Elizabeth Wina
Indonesian Bulletin of Animal and Veterinary Sciences, Volume 27, pp 117-124; doi:10.14334/wartazoa.v27i3.1588

Abstract:Poultry, especially broiler is an important protein source for people in developing countries. Under intensive condition, economical and efficient broiler production is disturbed by disease attack due to poor biosecurity management. Feed additives (coccidiostat and antibiotic growth promoter/AGP) that added to feed for disease prevention and growth improvement, have been banned by many countries including Indonesia. Antibiotic growth promoter can be substituted by bioactive compounds in certain plants which can improve poultry production. One of bioactive compounds is saponin which is a glycoside. This paper provides information about source and function of saponin as feed additive for poultry production. Saponin extracts or saponin containing plants have several functions, such as anticoccidia, immunostimulant, antibacteria and antifungi. Sustainable poultry production requires continues supply of feed ingredients and additive with consistent in quality. High saponin-containing plants need to be planted widely and supported by stakeholders for their avability and sustainability.
WIDYA PINTAKA BAYU PUTRA, Rhesti Indriastuti
Indonesian Bulletin of Animal and Veterinary Sciences, Volume 27, pp 105-116; doi:10.14334/wartazoa.v27i3.1579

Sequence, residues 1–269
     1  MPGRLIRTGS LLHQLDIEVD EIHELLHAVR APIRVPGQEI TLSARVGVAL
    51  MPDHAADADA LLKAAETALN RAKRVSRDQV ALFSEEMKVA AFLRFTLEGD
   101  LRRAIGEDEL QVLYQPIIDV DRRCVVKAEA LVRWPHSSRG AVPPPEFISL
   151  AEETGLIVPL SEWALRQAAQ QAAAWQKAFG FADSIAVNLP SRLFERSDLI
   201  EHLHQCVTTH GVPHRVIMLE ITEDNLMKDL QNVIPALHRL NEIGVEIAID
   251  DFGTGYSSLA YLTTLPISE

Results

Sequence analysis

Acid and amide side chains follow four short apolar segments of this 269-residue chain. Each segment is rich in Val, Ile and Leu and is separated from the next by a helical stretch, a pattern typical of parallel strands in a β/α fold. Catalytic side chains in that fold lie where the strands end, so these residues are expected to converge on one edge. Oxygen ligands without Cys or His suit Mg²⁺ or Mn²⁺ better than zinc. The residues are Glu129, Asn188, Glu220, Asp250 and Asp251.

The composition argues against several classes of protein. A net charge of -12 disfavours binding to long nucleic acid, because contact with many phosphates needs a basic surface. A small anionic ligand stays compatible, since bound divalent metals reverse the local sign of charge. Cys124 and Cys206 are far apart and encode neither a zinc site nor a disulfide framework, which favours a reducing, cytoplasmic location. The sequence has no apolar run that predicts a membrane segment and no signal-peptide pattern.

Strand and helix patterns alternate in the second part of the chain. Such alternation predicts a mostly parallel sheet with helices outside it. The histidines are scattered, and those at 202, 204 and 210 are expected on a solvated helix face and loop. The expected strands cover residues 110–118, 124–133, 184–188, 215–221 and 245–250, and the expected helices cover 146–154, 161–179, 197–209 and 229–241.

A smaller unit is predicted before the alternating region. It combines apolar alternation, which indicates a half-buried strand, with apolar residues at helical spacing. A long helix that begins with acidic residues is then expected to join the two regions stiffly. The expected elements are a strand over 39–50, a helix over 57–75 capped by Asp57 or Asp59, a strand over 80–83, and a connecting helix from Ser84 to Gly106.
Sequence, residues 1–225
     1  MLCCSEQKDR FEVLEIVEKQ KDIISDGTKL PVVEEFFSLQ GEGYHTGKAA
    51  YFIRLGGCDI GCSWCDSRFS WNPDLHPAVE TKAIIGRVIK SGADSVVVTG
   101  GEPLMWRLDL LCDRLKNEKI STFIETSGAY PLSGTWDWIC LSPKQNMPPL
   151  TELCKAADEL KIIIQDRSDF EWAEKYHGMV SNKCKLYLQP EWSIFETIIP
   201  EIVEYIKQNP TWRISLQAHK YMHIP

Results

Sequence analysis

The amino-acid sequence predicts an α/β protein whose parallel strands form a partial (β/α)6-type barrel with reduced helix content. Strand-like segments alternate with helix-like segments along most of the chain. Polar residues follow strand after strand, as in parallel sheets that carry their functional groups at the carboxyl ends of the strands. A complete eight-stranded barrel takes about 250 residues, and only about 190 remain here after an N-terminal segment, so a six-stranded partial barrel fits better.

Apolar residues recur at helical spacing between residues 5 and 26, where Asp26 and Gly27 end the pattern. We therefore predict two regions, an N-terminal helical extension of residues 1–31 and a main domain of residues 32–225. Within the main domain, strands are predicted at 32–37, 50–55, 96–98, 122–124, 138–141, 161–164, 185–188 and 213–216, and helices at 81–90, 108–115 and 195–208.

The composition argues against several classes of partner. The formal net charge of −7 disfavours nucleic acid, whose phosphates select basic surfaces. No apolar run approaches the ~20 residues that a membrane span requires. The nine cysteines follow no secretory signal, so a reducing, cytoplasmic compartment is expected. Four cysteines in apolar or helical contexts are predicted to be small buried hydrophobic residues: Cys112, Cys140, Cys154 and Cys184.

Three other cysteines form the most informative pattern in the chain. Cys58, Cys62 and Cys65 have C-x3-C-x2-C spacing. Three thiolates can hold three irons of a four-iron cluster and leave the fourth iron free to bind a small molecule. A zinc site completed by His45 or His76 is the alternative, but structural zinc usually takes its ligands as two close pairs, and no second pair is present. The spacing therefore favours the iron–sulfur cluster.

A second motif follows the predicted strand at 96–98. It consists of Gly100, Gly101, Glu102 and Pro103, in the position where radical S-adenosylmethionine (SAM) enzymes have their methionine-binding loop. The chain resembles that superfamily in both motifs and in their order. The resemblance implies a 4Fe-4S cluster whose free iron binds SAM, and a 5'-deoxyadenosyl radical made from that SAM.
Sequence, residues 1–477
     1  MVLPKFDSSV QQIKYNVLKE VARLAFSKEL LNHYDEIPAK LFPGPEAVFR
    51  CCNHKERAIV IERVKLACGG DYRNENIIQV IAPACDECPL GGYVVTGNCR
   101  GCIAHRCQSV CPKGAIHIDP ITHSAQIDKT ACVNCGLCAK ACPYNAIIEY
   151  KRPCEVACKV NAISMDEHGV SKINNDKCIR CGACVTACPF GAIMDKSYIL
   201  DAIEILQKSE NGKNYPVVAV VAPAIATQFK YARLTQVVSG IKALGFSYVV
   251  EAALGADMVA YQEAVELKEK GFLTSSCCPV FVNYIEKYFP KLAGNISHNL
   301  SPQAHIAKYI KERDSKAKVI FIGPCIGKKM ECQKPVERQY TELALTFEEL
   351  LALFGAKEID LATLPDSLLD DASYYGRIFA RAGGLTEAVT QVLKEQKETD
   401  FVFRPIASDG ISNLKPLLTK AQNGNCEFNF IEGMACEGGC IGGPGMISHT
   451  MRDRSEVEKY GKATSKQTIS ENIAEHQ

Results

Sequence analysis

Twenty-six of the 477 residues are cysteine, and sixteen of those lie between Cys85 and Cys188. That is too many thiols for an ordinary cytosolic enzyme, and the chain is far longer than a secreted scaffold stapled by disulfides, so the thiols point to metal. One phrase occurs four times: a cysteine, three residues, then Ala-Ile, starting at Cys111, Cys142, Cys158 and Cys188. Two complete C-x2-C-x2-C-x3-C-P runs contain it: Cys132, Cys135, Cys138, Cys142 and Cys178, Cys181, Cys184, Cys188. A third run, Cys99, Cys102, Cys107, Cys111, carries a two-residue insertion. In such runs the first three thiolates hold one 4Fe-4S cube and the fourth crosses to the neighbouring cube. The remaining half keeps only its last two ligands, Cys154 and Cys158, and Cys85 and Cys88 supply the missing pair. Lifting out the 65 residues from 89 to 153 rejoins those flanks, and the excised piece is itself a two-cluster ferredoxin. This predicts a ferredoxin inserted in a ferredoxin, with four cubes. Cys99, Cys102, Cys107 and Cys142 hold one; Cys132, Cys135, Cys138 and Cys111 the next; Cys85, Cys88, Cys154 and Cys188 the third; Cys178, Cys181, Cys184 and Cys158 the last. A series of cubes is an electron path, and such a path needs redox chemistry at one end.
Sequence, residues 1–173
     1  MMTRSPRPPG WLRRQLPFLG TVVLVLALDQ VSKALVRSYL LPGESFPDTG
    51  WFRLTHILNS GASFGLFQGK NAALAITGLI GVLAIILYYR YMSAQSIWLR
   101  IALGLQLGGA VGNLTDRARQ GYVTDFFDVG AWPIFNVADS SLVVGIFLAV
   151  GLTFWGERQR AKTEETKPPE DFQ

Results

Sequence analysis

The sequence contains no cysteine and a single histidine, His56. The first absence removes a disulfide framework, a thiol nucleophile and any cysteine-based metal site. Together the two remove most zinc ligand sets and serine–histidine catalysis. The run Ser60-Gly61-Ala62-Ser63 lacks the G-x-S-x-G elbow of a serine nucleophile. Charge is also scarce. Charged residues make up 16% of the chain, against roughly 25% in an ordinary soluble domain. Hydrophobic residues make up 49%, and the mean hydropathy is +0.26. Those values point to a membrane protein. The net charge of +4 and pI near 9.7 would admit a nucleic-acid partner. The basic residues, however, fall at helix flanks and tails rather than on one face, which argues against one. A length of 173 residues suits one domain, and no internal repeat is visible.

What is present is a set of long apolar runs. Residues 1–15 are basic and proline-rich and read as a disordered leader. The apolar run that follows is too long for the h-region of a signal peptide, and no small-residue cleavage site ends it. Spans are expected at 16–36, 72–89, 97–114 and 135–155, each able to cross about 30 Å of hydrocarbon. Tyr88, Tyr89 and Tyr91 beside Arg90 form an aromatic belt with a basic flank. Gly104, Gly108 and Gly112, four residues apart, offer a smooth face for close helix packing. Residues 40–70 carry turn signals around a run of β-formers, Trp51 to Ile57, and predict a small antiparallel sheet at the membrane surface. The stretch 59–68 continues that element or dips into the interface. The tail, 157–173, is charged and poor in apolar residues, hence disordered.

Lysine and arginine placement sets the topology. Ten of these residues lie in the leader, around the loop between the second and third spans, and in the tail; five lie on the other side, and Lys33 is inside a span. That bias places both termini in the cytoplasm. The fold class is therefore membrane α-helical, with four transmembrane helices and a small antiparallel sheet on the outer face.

Abstract:Genetic improvement in beef and dairy cattle which can increase meat and milk production can be conducted through livestock selection based on molecular technique using leptin gene. The leptin gene is located on the fourth chromosome and consists of three exons and two introns. The leptin gene serves to produce the leptin hormone secreted by fat tissue. High concentrations of leptin hormone can increase feed intake and body metabolism thereby increasing livestock productivity. This paper describes the leptin gene including structure, mechanism of leptin hormone and polymorphisms in cows. These polymorphisms occur in the promoter, intron and exon sections associated with body and carcass weight and milk production in some cattle breed. Therefore, leptin gene can be used for selection towards increasing cattle productivity. Utilization of leptin gene can be done by single nucleotide polymorphism (SNP) identification on the whole structure of leptin gene and to observe its effect on characteristics of cattle production in Indonesia.
Stephanie ., Purwadaria T
Indonesian Bulletin of Animal and Veterinary Sciences, Volume 23; doi:10.14334/wartazoa.v23i1.955

Stella Magdalena, Natadiputri G H, Nailufar F, Purwadaria T
Indonesian Bulletin of Animal and Veterinary Sciences, Volume 23; doi:10.14334/wartazoa.v23i1.957